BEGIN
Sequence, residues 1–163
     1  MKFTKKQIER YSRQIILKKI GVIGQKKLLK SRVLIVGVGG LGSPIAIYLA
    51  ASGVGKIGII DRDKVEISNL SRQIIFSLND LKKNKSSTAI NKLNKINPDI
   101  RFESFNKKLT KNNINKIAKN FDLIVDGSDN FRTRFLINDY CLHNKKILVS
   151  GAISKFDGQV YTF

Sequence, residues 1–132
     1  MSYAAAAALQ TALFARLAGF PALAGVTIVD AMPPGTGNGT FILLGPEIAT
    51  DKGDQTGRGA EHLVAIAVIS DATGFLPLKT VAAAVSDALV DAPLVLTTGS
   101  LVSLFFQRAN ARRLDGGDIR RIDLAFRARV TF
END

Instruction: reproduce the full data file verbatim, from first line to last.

Sequence, residues 1–163
     1  MKFTKKQIER YSRQIILKKI GVIGQKKLLK SRVLIVGVGG LGSPIAIYLA
    51  ASGVGKIGII DRDKVEISNL SRQIIFSLND LKKNKSSTAI NKLNKINPDI
   101  RFESFNKKLT KNNINKIAKN FDLIVDGSDN FRTRFLINDY CLHNKKILVS
   151  GAISKFDGQV YTF

Sequence, residues 1–132
     1  MSYAAAAALQ TALFARLAGF PALAGVTIVD AMPPGTGNGT FILLGPEIAT
    51  DKGDQTGRGA EHLVAIAVIS DATGFLPLKT VAAAVSDALV DAPLVLTTGS
   101  LVSLFFQRAN ARRLDGGDIR RIDLAFRARV TF